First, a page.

Many of you that I have worked with me before know that my favorite Emotional Intelligence assessment is the EQ-i 2.0.

But first…. what is EQ? In short, Emotional Intelligence is understanding your own emotions and what you’re experiencing at that time. Being able to read the room (even if that room is only you and one other person) and being able to recognize what are the emotions they might be experiencing. Then using that information to navigate a situation in a healthy way.

Emotional Intelligence is defined by the ability to recognize, understand, and manage our own emotions, as well as recognize and understand the emotions of those we are in a relationship with or interacting with. It is also the ability to take this information and use it to navigate situations, relationships, conversations, or interactions in a successful way.

This skill is an important aspect of healthy relationships and leadership. People with strong emotional intelligence skills are able to read others, know themselves, and navigate with success.


How to Use Emotional Intelligence:

Emotional intelligence can be used in many different ways in your daily life. Some different ways to practice emotional intelligence include:

  • Being able to accept criticism and responsibility
  • Being able to move on after making a mistake
  • Being able to say no when you need to
  • Being able to share your feelings with others
  • Being able to solve problems in ways that work for everyone
  • Having empathy for other people
  • Having great listening skills
  • Knowing why you do the things you do
  • Not being judgemental of others
  • Having great interpersonal skills
  • and the list goes on and on

Positive Impacts of Emotional Intelligence:

Developing your emotional intelligence takes a little work, but it will positively impact your work and personal life:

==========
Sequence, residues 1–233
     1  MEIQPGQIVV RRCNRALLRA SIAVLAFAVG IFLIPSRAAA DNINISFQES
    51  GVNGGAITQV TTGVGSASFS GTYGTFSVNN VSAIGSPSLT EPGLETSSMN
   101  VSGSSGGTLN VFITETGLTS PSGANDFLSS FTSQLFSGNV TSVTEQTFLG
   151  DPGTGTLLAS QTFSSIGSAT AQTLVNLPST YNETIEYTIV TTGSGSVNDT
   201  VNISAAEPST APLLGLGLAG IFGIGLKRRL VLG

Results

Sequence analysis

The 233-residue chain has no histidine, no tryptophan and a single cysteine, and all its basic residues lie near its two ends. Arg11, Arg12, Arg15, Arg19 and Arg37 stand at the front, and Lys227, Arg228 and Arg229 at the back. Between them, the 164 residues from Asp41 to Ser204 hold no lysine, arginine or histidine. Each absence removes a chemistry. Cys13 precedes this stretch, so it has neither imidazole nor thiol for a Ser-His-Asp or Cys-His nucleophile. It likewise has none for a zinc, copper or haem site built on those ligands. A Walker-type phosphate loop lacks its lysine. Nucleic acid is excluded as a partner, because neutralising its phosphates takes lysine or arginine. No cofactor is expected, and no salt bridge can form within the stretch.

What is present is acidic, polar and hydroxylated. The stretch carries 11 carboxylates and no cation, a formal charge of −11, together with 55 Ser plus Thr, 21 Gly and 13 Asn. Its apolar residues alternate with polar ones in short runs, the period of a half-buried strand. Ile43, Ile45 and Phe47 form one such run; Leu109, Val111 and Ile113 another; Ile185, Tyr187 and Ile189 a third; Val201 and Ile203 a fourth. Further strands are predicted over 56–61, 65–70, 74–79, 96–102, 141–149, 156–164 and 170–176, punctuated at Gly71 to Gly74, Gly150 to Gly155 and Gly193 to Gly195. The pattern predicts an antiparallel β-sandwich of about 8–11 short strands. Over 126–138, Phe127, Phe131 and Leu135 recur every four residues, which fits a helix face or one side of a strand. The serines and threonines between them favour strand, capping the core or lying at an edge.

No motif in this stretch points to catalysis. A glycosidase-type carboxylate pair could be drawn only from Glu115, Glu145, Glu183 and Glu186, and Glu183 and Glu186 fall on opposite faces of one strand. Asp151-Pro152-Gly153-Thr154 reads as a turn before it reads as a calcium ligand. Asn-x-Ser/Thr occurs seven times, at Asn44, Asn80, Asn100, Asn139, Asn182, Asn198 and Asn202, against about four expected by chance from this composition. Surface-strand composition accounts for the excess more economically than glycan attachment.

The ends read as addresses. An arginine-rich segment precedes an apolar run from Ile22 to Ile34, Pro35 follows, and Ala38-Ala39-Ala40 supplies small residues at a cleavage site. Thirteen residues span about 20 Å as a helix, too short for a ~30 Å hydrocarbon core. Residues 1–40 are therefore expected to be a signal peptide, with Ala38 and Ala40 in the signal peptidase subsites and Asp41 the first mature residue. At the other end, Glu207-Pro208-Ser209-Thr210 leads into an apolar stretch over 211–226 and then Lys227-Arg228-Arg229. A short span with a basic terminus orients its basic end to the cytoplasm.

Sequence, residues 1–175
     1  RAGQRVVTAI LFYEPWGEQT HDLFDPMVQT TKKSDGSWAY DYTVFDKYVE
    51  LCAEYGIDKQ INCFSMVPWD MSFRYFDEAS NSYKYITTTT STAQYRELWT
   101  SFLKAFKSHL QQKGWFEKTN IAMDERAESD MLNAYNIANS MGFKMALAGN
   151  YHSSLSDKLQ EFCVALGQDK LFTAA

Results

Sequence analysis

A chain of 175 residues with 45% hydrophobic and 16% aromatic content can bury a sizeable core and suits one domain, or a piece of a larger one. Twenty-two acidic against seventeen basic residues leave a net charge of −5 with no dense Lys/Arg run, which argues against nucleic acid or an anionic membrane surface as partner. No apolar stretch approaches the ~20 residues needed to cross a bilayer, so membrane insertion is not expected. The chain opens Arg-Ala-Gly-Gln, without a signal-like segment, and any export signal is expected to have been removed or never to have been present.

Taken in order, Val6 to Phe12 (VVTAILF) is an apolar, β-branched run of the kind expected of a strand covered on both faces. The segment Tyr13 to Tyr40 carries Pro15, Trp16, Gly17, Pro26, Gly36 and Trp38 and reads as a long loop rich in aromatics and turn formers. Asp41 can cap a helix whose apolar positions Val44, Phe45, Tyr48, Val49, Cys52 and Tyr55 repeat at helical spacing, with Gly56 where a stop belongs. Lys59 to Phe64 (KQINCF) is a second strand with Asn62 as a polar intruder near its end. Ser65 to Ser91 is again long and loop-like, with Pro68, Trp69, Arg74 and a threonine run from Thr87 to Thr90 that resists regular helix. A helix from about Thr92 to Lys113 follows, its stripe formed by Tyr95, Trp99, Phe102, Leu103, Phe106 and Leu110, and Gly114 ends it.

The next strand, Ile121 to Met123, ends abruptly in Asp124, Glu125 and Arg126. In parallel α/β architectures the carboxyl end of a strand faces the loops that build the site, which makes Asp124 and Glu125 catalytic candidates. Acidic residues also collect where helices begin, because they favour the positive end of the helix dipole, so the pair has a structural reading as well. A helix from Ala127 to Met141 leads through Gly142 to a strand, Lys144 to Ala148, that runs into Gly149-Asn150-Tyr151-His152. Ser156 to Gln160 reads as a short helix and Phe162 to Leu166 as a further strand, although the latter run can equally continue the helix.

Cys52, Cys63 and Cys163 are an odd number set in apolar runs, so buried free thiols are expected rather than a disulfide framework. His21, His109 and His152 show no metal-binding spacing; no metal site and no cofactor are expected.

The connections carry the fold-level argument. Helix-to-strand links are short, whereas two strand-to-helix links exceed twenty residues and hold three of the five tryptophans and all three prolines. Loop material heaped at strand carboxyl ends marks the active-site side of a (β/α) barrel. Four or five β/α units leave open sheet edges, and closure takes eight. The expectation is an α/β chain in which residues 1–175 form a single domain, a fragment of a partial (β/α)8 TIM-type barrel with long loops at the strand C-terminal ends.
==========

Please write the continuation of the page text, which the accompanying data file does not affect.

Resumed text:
• Some research suggests emotional intelligence leads to better social relationships in children and adults.
  • People often have positive perceptions of those with high emotional intelligence.
  • Studies show that higher emotional intelligence is associated with improved job performance.
  • Emotional intelligence can make you a better leader and collaborator.
  • Strengthening your emotional intelligence can help you to form closer relationships with friends, family, and colleagues.
  • Emotional Intelligence can help you set healthy boundaries at work and at home.
  • Your motivation can also improve.


Understanding and managing emotions are integral to this, allowing individuals to build robust relationships, connect with others, and collaborate seamlessly in teams. Emotional Intelligence (EQ) goes beyond words, incorporating verbal and nonverbal cues such as tone and body language into communication. This skill enhances active listening, enabling individuals to respond thoughtfully to colleagues and clients. Moreover, empathy, a cornerstone of EQ, fosters deeper connections by acknowledging and sharing others’ feelings, creating a work environment based on trust and mutual respect.

Positive relationships in the workplace and at home are intertwined with emotional intelligence. By comprehending and managing emotions, individuals can navigate responses, avoid unnecessary reactions, and adapt to situations appropriately. This not only fosters a harmonious work environment but also contributes to increased productivity and career advancement.

In leadership roles, emotional intelligence becomes a critical factor. Leaders with high EQ inspire and motivate teams, tailor their approach to individual needs, and adeptly handle conflicts. By prioritizing emotional intelligence, leaders create a work culture that values empathy and collaboration, leading to better performance and successful outcomes for the entire team.



Want to know and measure your EQ (Emotional Intelligence)? Check these out:


Download your FREE copy of The Leadership Accelerator Toolkit here.


Michele Burch Reid, MS
Principal, Legacy Consulting Institute
Organizational & Personal Effectiveness Consulting

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